Additional funding for the next five years has been committed to the research centre based at the University of New South Wales.
The centre was established in 2013 with money donated by Andrew Kaldor AM and Renata Kaldor AO, themselves refugees from Hungary and the former Czechoslovakia respectively. The philanthropist couple made an additional five-year financial commitment this week, with a view to continuing efforts to “raise the quality of public policy and debate about asylum seekers and refugees”.
“Within the last three years, Professor Jane McAdam and her team have become an authoritative contributor to the exchange of ideas about forced migration in Australia and globally,” Mr Kaldor said.
Mr Kaldor and his immediate family were accepted by Australia as refugees after WWII. Today he is the executive chairman of a group of privately held companies, as well as chair of the refugee law research centre.
“The centre’s work has never been more important than now. Renata and I are truly delighted to join the university in supporting a significant increase in the Centre’s capacity to develop better policies for the treatment of displaced people,” Mr Kaldor said.
UNSW has supplemented the Kaldors’ contribution to the centre with its own strategic investment to 2021.
Dean of Law Professor George Williams said the commitment was important for the unique and important refugee law research being undertaken.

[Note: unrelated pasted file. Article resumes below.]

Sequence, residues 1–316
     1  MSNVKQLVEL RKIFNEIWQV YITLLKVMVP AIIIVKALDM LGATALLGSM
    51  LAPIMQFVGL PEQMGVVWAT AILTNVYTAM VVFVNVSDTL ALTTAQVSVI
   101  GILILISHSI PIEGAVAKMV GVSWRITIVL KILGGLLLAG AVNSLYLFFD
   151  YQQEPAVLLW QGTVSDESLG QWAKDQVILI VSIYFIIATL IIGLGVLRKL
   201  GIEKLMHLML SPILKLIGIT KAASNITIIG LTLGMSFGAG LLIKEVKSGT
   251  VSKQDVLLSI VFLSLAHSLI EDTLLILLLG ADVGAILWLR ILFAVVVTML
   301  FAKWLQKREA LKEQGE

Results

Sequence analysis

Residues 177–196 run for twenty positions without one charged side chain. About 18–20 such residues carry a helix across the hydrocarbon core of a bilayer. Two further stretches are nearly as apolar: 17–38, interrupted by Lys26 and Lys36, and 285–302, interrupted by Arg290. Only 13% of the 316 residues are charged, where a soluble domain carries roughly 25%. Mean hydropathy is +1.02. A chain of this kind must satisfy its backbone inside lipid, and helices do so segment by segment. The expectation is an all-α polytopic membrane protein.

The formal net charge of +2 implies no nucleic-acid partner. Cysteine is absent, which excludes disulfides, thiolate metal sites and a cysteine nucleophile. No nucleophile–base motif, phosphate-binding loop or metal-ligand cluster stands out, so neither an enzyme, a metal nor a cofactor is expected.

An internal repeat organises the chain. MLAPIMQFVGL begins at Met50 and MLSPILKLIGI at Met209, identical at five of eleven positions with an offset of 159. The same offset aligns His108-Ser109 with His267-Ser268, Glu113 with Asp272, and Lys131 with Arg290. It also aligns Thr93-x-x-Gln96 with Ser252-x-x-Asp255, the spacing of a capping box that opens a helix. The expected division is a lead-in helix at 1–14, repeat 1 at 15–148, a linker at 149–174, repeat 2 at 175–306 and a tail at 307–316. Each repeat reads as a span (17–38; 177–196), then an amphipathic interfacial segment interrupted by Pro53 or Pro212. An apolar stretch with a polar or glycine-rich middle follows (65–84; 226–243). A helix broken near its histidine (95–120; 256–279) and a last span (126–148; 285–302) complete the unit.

“The generosity of Andrew and Renata Kaldor, strongly backed by UNSW, means that the centre will have a sustainable, world-class foundation upon which to conduct its work,” Prof Williams said.
“The Kaldor Centre is the only institution of its kind in the world. It brings a unique focus and global leadership to this area that is sorely needed. One of the most difficult challenges facing Australia and the world is how to respond to the plight of people fleeing from persecution, war, climate change and other problems,” he added.
According to UNSW, the centre is the first and only academic institution specialising in international refugee law. The centre has received recognition for its research on forced migration issues, contributing to a global leaders’ meeting at the World Economic Forum in Davos and advising on international responses to climate change and disaster-induced displacement.
The centre has also weighed in on domestic issues, recently responding to Immigration Minister Peter Dutton’s comments about refugees. Founding director Jane McAdam said the extra funding came at a critical time.
“With the highest number of displaced people in the world since WWII, this generous commitment couldn't be more timely,” Prof McAdam said.
At the official signing of the Kaldor Centre for International Refugee Law's new funding agreement.
L-R: UNSW Vice-Chancellor Ian Jacobs, Dean of Law Prof George Williams, Ranata Kaldor AO, Prof Jane McAdam and Andrew Kaldor AM (Photo courtesy Andy Baker)